Observations Body Politic

The community care chest is running out of cards

BMJ 2014; 349 doi: https://doi.org/10.1136/bmj.g5067 (Published 13 August 2014) Cite this as: BMJ 2014;349:g5067
  1. Nigel Hawkes, freelance journalist, London
  1. nigel.hawkes1{at}btinternet.com

Will the end of many of the current contracts provide a chance to reinvigorate the sector?

Most people blame the present problems of the NHS in England on its bungled reorganisation by the former health secretary Andrew Lansley. But while the Health and Social Care Act 2012 may deserve its place as top bungle, it’s a close run thing with Transforming Community Services, one of Labour’s last acts in office before it was voted out in 2010. Community services in England were certainly transformed but not in a good way: the result is sad, if you believe in the vital necessity of these services. Join a fairly small club if you do.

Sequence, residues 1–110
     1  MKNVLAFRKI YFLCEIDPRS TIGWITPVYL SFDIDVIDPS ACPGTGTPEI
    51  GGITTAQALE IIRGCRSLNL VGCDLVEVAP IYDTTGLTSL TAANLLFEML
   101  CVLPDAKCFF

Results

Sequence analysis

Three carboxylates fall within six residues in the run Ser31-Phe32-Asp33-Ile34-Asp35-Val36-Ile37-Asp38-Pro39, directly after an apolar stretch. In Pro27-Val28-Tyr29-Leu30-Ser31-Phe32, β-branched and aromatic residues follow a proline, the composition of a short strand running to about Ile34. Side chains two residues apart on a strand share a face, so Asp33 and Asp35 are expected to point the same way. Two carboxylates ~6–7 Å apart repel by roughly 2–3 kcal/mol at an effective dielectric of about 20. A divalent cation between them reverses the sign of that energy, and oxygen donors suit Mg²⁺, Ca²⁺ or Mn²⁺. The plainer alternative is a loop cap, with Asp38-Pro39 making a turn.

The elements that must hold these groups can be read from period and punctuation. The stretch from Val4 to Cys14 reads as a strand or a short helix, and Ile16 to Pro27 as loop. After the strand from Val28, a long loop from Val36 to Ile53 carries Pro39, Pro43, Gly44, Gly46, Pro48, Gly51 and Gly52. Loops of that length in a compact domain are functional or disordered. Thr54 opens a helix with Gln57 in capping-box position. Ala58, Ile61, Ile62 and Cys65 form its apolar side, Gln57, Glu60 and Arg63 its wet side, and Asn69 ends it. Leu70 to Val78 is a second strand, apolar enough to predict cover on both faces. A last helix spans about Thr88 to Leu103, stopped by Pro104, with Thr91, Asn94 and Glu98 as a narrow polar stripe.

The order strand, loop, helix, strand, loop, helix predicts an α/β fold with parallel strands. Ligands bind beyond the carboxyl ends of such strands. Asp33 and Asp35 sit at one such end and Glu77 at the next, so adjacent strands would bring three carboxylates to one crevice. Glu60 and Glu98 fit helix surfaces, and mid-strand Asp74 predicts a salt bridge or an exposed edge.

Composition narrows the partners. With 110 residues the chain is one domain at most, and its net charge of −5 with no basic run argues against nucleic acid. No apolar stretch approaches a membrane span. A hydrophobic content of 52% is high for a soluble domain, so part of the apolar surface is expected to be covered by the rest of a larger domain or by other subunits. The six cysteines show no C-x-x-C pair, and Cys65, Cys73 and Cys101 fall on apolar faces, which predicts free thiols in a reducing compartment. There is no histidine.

And while it’s often claimed that Lansley was driven by ideology, Transforming Community Services really was. Service commissioners couldn’t be providers, so they were instructed to rid themselves of their provider arms: health visitors, district nurses, physiotherapists, chiropodists, providers of contraception and sexual health, and sundry others. GPs think the right place for many of these services is in primary care. Acute care trusts think they ought to be integrated with hospitals. Both can make a case, but rather than doing one or the …

View Full Text

Sign in

Log in through your institution

Free trial

Register for a free trial to thebmj.com to receive unlimited access to all content on thebmj.com for 14 days.
Sign up for a free trial

Subscribe